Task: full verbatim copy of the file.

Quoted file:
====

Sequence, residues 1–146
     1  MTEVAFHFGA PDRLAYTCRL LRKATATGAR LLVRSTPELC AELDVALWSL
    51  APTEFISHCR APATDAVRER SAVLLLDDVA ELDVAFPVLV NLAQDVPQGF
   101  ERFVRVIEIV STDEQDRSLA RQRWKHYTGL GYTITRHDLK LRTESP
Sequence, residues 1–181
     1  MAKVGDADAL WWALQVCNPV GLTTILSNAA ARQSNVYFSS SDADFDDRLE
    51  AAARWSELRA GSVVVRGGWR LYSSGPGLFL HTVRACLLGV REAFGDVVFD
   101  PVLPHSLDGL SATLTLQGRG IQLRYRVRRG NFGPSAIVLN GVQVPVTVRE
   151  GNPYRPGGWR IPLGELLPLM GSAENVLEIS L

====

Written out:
Sequence, residues 1–146
     1  MTEVAFHFGA PDRLAYTCRL LRKATATGAR LLVRSTPELC AELDVALWSL
    51  APTEFISHCR APATDAVRER SAVLLLDDVA ELDVAFPVLV NLAQDVPQGF
   101  ERFVRVIEIV STDEQDRSLA RQRWKHYTGL GYTITRHDLK LRTESP
Sequence, residues 1–181
     1  MAKVGDADAL WWALQVCNPV GLTTILSNAA ARQSNVYFSS SDADFDDRLE
    51  AAARWSELRA GSVVVRGGWR LYSSGPGLFL HTVRACLLGV REAFGDVVFD
   101  PVLPHSLDGL SATLTLQGRG IQLRYRVRRG NFGPSAIVLN GVQVPVTVRE
   151  GNPYRPGGWR IPLGELLPLM GSAENVLEIS L